Since Census 2011, declining CSR has gained increasing attention in India’s development agenda. The announcement of the national flagship programme on BetiBachaoBetiPadhao dedicated to increasing the value of girls has communicated a strong political will to address the sex ratio imbalance and provides an opportunity to accelerate efforts to help change the lives of women and girls across our country. Addressing declining CSR requires work on multiple fronts to ensure a comprehensive response. We need to understand the different drivers of the decline in CSR and how they operate in different contexts to be able to design interventions that are relevant and effective.
Girls Count advocates for sustainable interventions that are coordinated, well-resourced and that have benefited from collective learning. There are two broad programme areas where the majority of our efforts are invested:
Challenge Patriarchy; Enhance the value of women and girls
Enabling girls to lead healthy, safe and fulfilling lives can go a long way towards ensuring that they will be self reliant in the future, and will be valued by families and communities. Specific interventions that contribute to enhanced value of women and girls:
- Support for health care and nutrition for girls.
- Enable girls to continue education especially secondary and higher education.
- Equip girls with life skills and livelihood skills.
- Provide safe spaces for girls- within homes, educational institutions, workplace and public spaces.
- Enable access to housing rights and property ownership for girls.
- Engage men and boys to promote gender equality.
Stop Sex Selection; Effectively Implement the Pre-Conception Pre-Natal Diagnostic Techniques Act
- In the immediate period, interventions to prevent misuse of technology for purposes of sex determination leading to sex selection can go a long way towards deterring both service providers and clients from the illegal practice of sex selection.
- Initiatives to build capacities of the medical community, judiciary, civil society and media on effective implementation of the PCPNDT Act and advocacy to ensure accountability for Act implementation are critical for ensuring effective implementation of the law.
These two areas are illustrative of the types of interventions that can contribute towards arresting the decline in CSR across the country.
The Law: PCPNDT Act
The Pre-Conception and Pre-Natal Diagnostic Techniques (PCPNDT) Act was enacted by the Parliament of India to stop sex selection and sex determination, and arrest the declining child sex ratio in the country. The purpose of this Act is to prevent the misuse of techniques for sex selection and sex determination (before or after conception). This Act was first brought into effect in 1994 (then known as PNDT Act) to prohibit the use of pre-natal diagnostic techniques for the purpose of sex determination test. This is important to highlight that the PCPNDT Act is women friendly Act and has laid down certain rules and regulations that apply to clinics and hospitals that provide pre-conception and pre-natal services and employ ultrasound technology.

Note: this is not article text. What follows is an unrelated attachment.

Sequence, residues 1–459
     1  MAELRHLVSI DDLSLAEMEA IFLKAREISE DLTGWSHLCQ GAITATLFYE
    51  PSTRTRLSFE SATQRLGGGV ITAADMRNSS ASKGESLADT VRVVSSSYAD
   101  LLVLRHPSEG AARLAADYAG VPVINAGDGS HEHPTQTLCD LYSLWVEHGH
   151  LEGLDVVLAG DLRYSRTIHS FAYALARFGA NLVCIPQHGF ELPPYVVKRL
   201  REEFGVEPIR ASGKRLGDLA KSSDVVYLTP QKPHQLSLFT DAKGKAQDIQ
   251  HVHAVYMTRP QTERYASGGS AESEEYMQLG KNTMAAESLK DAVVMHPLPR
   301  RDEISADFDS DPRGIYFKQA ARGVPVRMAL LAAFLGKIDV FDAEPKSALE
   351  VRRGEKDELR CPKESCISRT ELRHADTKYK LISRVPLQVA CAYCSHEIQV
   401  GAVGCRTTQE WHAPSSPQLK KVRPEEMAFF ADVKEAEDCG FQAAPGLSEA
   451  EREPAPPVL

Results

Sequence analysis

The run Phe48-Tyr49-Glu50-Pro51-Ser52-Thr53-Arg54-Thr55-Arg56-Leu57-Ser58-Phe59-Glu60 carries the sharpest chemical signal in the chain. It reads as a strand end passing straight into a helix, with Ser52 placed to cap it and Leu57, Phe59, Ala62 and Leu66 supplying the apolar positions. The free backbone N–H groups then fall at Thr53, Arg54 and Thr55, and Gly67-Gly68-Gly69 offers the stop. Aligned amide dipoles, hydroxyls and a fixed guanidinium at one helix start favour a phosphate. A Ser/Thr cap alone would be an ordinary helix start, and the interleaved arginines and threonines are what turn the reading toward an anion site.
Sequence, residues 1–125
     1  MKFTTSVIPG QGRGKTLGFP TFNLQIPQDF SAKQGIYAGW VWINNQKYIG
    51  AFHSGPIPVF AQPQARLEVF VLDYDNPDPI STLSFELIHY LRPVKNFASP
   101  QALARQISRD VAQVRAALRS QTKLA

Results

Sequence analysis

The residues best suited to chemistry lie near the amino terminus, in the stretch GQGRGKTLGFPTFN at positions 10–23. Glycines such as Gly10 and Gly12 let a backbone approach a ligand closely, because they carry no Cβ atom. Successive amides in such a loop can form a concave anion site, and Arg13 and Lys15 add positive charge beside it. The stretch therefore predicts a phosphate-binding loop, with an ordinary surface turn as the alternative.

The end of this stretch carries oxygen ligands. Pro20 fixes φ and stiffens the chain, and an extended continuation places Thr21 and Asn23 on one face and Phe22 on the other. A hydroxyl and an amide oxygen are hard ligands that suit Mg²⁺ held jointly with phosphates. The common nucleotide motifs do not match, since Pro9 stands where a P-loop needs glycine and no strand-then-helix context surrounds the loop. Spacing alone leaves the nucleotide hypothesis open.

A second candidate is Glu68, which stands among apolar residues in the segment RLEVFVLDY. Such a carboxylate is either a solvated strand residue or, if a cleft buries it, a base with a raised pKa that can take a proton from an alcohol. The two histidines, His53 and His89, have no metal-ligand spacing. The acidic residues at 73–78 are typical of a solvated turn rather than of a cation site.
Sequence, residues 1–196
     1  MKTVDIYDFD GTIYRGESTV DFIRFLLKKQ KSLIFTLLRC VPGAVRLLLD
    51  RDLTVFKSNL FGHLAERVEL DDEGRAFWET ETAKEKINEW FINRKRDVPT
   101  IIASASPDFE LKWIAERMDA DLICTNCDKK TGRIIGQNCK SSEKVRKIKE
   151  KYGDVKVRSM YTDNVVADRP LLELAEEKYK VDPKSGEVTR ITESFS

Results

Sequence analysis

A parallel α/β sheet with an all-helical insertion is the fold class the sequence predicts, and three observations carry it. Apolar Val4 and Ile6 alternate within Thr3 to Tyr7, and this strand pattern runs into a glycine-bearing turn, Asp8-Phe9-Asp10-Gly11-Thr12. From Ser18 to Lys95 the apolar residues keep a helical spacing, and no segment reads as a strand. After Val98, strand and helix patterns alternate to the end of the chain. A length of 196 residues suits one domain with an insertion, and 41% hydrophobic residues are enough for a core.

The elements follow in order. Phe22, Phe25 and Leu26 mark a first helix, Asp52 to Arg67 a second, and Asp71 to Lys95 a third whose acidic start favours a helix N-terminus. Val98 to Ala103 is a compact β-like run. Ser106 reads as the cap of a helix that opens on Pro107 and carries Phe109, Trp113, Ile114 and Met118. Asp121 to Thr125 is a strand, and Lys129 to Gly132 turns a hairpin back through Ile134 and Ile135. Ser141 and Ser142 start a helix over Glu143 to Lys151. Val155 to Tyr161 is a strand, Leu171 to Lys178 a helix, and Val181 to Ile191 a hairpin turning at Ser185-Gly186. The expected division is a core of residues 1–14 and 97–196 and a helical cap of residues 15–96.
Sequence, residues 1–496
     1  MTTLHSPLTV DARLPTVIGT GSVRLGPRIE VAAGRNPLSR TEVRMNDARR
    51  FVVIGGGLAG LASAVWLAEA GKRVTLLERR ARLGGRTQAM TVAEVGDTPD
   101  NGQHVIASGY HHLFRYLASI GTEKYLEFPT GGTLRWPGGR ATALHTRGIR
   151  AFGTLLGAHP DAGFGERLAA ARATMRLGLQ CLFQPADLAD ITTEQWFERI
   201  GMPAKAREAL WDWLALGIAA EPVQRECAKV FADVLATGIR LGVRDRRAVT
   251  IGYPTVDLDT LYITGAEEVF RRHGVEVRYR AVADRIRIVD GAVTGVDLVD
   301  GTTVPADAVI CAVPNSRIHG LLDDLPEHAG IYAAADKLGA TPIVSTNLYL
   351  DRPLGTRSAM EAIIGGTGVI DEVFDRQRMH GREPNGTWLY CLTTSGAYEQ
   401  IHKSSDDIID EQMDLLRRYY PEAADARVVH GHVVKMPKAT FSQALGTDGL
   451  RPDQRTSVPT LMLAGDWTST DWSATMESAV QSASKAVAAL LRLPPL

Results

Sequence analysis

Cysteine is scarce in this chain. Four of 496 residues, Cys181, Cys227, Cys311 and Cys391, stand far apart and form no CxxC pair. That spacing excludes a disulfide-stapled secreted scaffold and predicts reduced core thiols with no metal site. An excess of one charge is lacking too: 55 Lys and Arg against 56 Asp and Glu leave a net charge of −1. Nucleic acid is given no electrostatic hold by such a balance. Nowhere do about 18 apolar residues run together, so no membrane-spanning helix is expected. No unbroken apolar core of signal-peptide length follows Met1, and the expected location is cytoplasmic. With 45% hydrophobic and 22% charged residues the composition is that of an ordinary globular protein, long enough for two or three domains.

- No centre will conduct, associate or help in conducting pre-natal diagnostic techniques (PNDT) unless registered under the PCPNDT Act.
- No person will conduct or help in conducting pre-natal diagnostic technique on contract, voluntary or charitable basis unless the place is registered and unless the person is authorized to conduct it at that place.
- No person will conduct a pre-natal diagnostic technique including an ultrasonography for the purpose of sex determination.
- No person is allowed to communicate the sex of the foetus either through words, signs or in any other manner whatsoever.
- No person or center will issue, publish, distribute or communicate any advertisement in any form regarding facilities of sex selection and sex determination.
- No manufacturer, importer, supplier or dealer of ultrasound machines will sell, rent or allow the use of any ultrasound machines to any centre not registered under the PCPNDT Act.
- If any person acts contrary to the prohibitions including advertisement, he/she will be liable to be punished with imprisonment, which may extend to 3 years and fine which may extend to Rs 10,000. On subsequent conviction imprisonment may extend to 5 years and the fine may extend to Rs.50, 000.
- If any person seeks the aid of a centre for conducting pre-natal diagnostic techniques on any pregnant woman for sex selection or sex determination then the person will be punishable with imprisonment which may extend to 3 years and fine which may extend to Rs.50,000. Any subsequent conviction entails imprisonment, which may extend to 5 years and fine that may extend to Rs.1 lakh.(Pregnant women are exempted under this Act, unless proven otherwise)
- For breaking of any provision of the Act or rules for which no penalty has been mentioned in the Act the person will be punishable with an imprisonment which may extend to 3 months or with fine, which may extend to Rs 1,000 or with both.
Other laws that support women’s rights
It is equally important to enact and implement laws that tackle the factors that contribute to declining CSR. Such as laws related to dowry, inheritance, domestic violence and other laws on violence and against women, child marriage, and crimes in the name of honour. It is only when women’s rights are fully supported, that a conducive environment will be created for girls to grow and prosper.